Yet delivering fast, scalable Web apps, that keep getting bigger and more complex, to constrained devices over constrained networks, is no simple feat. It has gotten to the point where sites on the Gomez US Retail Website Performance Index require on average 30 hosts to deliver a home page. So what happens if one of these third parties has an issue? That depends on the architecture of the page and often it means a significant degradation of performance from an end-user perspective.
In this example - measured using webpagetest and Pat Meenan's great SPOF-O-Matic Chrome extension - page load time is significantly impacted by the third party performance issue. The kicker is that even though this isn't your fault directly, your customers will still likely hold you responsible for the degradation - and likely move on to the closest competitor - which is just a click away.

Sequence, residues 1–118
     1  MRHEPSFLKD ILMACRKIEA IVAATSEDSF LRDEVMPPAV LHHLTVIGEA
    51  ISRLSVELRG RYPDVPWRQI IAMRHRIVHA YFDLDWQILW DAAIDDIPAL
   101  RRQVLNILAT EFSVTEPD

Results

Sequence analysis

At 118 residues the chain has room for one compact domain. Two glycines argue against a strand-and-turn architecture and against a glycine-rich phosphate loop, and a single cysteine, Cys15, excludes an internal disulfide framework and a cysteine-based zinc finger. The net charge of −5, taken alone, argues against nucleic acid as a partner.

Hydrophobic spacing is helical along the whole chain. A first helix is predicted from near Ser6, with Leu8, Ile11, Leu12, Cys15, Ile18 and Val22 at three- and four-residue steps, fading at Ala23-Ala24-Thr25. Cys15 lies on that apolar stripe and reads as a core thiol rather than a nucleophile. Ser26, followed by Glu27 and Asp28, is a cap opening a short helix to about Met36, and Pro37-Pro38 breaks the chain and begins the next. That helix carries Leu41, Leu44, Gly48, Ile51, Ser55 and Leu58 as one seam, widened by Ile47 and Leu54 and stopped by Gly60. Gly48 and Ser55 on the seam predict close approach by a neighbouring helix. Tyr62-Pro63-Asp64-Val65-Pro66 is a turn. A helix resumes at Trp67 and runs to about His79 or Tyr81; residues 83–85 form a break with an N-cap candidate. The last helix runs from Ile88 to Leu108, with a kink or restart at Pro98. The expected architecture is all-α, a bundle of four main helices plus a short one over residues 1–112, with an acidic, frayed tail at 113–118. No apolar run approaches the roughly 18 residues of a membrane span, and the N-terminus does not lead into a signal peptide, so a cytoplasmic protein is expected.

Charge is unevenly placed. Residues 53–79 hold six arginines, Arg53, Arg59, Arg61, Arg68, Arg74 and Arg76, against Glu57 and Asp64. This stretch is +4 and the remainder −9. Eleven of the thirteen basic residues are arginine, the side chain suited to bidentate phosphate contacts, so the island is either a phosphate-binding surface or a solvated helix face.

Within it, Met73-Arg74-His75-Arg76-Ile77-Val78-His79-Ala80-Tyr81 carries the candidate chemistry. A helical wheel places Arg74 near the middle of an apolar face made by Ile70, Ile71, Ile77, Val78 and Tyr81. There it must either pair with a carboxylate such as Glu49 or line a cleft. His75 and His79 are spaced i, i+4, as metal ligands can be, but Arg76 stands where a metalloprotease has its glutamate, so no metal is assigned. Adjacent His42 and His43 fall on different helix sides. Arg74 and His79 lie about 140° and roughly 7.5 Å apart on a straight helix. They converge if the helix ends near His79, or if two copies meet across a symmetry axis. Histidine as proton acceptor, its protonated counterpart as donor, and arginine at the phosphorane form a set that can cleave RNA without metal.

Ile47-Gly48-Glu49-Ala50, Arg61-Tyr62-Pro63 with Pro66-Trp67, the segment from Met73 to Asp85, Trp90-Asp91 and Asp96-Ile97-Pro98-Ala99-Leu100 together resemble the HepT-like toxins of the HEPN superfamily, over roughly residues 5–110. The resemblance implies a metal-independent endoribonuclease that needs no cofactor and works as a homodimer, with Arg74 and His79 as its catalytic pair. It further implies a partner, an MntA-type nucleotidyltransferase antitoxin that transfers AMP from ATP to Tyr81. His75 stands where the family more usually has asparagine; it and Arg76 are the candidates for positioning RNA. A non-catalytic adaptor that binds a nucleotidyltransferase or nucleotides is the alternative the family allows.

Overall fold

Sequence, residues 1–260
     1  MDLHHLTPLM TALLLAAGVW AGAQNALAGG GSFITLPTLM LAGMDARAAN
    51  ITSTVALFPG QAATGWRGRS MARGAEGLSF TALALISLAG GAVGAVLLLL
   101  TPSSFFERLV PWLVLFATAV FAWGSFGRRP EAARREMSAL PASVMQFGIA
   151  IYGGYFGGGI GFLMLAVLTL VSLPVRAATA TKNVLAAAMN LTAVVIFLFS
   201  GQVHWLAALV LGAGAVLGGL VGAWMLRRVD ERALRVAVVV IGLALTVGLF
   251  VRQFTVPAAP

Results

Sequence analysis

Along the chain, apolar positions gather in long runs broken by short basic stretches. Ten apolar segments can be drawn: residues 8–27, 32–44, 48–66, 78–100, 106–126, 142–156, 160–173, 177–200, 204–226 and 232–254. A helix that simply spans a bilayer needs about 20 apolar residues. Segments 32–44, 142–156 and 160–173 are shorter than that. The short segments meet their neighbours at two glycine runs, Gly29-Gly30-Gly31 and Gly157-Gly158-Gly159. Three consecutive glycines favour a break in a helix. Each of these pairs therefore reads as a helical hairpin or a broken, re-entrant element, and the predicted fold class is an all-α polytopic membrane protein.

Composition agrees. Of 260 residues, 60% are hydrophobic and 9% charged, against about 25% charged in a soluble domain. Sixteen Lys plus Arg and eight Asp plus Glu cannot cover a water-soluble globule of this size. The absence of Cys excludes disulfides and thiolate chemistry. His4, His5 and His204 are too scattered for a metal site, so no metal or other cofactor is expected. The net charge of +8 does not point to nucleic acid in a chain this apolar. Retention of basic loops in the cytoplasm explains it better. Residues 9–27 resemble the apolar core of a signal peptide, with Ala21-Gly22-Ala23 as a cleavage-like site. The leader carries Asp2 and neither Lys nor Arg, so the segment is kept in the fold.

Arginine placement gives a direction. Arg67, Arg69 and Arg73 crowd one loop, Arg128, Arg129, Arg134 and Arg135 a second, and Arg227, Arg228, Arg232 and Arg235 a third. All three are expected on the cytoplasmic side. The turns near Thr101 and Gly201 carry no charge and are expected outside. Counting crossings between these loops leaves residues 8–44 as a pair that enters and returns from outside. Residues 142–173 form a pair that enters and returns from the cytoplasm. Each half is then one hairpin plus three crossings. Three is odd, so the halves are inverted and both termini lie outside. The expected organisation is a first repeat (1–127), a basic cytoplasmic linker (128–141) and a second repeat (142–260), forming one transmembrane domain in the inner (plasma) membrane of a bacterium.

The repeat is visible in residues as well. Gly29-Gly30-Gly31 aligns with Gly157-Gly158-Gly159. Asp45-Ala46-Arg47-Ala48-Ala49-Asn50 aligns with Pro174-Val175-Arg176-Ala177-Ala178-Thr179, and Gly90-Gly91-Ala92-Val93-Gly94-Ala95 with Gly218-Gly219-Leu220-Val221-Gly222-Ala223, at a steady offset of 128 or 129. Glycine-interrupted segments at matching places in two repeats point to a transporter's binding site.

Compounding the complexity associated with Web app delivery are the ever-increasing end-user experience expectations. We have talked about this at length in other posts. If we don't meet those end-user expectations there are consequences. Real User Monitoring (RUM) made it easy to correlate performance to business metrics such as conversion, bounce or abandonment rates. Whether its data from vendors like Torbit or from companies like Walmart one thing is clear - the slower your pages the higher your abandonment and bounce rates and the lower your conversions. In other words, Web performance impacts the business. As far back as 2006, Amazon noted that speed matters. In particular, "Every 100ms delay costs 1% of sales".